At the time we were hearing that even a hair-dresser got an oil bloc and was marketing it in London and the people in whose land -let me not talk about ownership, because as long as we are in Nigeria, yes, the oil belongs to Nigeria, but so does all the gold and other solid minerals, coal, iron ore and the rest also belong to Nigeria. Why is Nigeria so determined to exploit only one and not any of the others?

So, the fear is there and that fear is not being addressed and do not even tell me that we have given you NDDC; we have given you Ministry of Niger Delta…No. That is not what we are talking about. We are talking about the fact that you should exploit what is yours, use it to develop your place and pay certain amount to the centre.

I should be able to exploit what is in my area and because it belongs to all of us, I will pay whatever is required of me to the centre. Believe me, if we do that, we would see near total or perfect peace.

So, nobody can possibly support criminality. I do not believe in destruction, especially when even that destruction is destroying the area that you are at the same time saying is your new nation. How can you be destroying such a place? The moment you destroy the pipelines, you end up with pollution, so, it is not right what is happening, but we must find a way to address the reasons for these happenings.

Diversified source of power

We must find a way to address them very quickly.

South-South is over-exploited

Then, there is this concept of diversification. When you talk about diversification, people just think it has to do with going into agriculture apart from oil. It is not sufficient. Diversification should come in more areas than just agriculture.

If we had diversified our source of power, today we would not feel it so much, at least certainly not in the effect of these bombings (of oil and gas installations) because today, we are dependent almost exclusively and entirely on the gas turbines and then oil, but if we had had hydro, coal and solar, those boys would see that they are hurting themselves because, we could say, ok, you have cut off the source of power in your area, so you do not have power but the other parts of the country would still have power.

They would see that they are not hurting anybody other than themselves.

And they would see that in fact, it is silly,what they are doing. So, diversification is beyond going into agriculture. You will diversify in several other areas and one of the areas you must look at urgently and you must begin to give confidence to other people who have these resources is in the solid minerals. Go and look at the ownership of Itakpe Iron Ore.
It is a mineral resource but even the community is part of the ownership arrangement but tell me whether anybody was ever consulted before oil blocs were given out in the South-South. You know what I mean? That is why recently I wrote an article and said this Petroleum Industry Bill, let us go softly with it.

Let us be sure that everything is even-handed because if you now come by this bill and treat oil mineral differently from other minerals and give the people on whose lands other minerals are found greater advantages than you have given to people on whose lands oil is found, there would still be dissatisfaction.

Mineral exploitation

So, why can’t we come out with “Mineral Bill”? The 10 percent that was supposed to be given, they said no, that because this one is governance bill. Is that happening in other areas of mineral exploitation? It is a question we have to answer.

Are you still in political retirement?

Yes, I am still in political retirement but that does not mean that I do not have political insights about what is right and what is wrong.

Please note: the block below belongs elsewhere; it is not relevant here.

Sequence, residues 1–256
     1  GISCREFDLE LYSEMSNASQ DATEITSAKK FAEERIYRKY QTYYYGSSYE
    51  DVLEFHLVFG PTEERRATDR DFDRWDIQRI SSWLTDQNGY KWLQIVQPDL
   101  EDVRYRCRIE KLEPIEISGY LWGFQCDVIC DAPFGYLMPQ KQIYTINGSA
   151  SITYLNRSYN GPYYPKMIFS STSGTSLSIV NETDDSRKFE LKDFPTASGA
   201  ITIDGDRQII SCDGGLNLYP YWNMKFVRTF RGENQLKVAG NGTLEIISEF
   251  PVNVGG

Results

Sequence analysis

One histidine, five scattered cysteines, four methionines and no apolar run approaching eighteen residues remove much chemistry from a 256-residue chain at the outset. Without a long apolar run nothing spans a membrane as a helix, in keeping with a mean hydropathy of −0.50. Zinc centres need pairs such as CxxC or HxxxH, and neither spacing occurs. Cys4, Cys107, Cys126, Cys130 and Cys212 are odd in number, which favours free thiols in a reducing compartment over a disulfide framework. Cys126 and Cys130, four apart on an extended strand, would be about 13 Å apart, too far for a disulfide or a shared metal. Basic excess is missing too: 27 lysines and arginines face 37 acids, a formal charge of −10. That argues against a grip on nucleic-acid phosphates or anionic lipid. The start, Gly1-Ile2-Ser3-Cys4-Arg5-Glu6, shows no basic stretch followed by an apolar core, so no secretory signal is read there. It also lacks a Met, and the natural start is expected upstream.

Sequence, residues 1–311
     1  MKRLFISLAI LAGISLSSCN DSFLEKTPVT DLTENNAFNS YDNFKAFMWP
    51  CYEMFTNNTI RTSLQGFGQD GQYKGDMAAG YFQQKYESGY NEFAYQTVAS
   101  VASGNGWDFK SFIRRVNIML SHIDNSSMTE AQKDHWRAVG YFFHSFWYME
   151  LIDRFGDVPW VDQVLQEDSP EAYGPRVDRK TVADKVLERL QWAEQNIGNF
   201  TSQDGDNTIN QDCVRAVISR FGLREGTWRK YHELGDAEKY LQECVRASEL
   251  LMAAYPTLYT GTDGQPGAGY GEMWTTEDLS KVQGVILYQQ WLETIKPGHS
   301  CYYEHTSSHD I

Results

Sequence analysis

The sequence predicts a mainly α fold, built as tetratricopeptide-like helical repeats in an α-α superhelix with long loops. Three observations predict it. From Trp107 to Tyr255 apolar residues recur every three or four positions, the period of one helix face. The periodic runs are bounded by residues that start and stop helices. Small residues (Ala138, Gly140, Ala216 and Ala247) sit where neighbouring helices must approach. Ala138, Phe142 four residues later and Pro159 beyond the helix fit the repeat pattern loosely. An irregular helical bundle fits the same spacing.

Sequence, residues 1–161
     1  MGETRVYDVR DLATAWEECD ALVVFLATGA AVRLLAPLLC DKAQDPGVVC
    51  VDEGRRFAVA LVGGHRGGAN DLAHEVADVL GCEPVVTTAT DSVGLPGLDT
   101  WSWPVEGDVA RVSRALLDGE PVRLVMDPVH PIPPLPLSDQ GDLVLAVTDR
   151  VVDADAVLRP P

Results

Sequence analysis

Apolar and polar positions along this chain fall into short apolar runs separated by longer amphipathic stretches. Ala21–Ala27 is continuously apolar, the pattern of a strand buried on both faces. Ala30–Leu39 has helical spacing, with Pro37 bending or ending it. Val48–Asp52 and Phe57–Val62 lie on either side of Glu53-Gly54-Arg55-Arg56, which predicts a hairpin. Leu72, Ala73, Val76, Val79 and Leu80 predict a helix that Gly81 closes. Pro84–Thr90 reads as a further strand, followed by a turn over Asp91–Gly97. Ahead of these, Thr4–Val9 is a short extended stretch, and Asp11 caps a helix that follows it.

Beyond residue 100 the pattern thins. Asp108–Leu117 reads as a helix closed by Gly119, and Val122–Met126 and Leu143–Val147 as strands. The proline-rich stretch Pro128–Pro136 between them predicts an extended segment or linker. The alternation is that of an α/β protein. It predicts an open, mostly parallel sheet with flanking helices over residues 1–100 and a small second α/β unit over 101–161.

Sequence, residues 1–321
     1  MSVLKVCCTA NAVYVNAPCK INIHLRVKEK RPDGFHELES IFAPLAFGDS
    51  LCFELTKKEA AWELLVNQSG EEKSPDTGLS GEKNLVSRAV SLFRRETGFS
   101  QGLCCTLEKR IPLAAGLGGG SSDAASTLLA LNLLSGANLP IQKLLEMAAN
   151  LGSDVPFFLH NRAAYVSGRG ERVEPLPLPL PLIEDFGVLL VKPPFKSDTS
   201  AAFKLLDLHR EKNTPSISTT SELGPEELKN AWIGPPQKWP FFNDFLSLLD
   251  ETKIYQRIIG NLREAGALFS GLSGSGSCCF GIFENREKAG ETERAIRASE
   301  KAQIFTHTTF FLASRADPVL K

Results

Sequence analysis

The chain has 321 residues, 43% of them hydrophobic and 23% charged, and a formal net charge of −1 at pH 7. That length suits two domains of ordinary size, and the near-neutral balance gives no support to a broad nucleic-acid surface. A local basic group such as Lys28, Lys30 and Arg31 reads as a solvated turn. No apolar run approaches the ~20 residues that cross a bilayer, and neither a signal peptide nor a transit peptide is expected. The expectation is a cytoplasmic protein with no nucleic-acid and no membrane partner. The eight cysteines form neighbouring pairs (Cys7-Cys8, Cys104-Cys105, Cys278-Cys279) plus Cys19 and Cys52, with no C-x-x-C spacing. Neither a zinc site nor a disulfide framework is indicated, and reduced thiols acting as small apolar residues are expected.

You were one of the founding fathers of the PDP. What is happening to your baby? Why haven’t they come back to ask you for guidance?

Why I laughed is because when you have a baby and the baby decides that he is wiser than the parents and that he is going to go on a mission of self-destruction and you try to caution the baby to no avail…That is what happened to the PDP. You can see that even today, they know what you have just said that there are people who founded the party.

Have they gone to any of those people to say, please help us. You remember the Parable of the Prodigal Son. He got up and went to the father and said, father I know that I have wronged you, but the people who did all these wrongs are still the people at the helm of affairs in the PDP and they are not willing to let go; they have not admitted that they have done anything wrong; instead they look at us as people with old ideas.

They do not look at us as though in anyway we matter. That is why they keep going astray. Look at what is happening to the PDP now, and yet that is very wrong because this country must not be left without a formidable opposition because it is the opposition that keeps the party in power on its toes and doing what is right for the people so that they can be brought back into office. It would be very sad if the PDP destroys itself and there is no opposition. Actually when this thing started, I even said to them, look, learn from APC.

There was CPC, they struggled on their own, they did not go very far. There was ACN, they struggled on their own, they did not go very far. There was ANPP, they struggled on their own, they did not get very far. When they came together and formed APC, look at where they are. They could form the government. PDP, you have lost so much credibility, you have lost so many members. I doubt, it was only a doubt that I expressed, that you can make it on your own. All these people that call themselves Labour, I mean you have members that have gone to Labour and come back; I said you can woe Labour, you can woe APGA.

Let them stop being a small, tribal party. Suddenly, instead of that, you found another SDP coming up again. Then PDM too. PDM was the founding party, along with the G34 of the PDP. Go and woe all these people and as many as you can gather together, bring them to yourself and transform; do not be so proud of this PDP that you are not prepared to drop the name if it becomes necessary to. You transform into a big, strong, formidable party cutting across because all those parties have strongholds in certain parts of this country.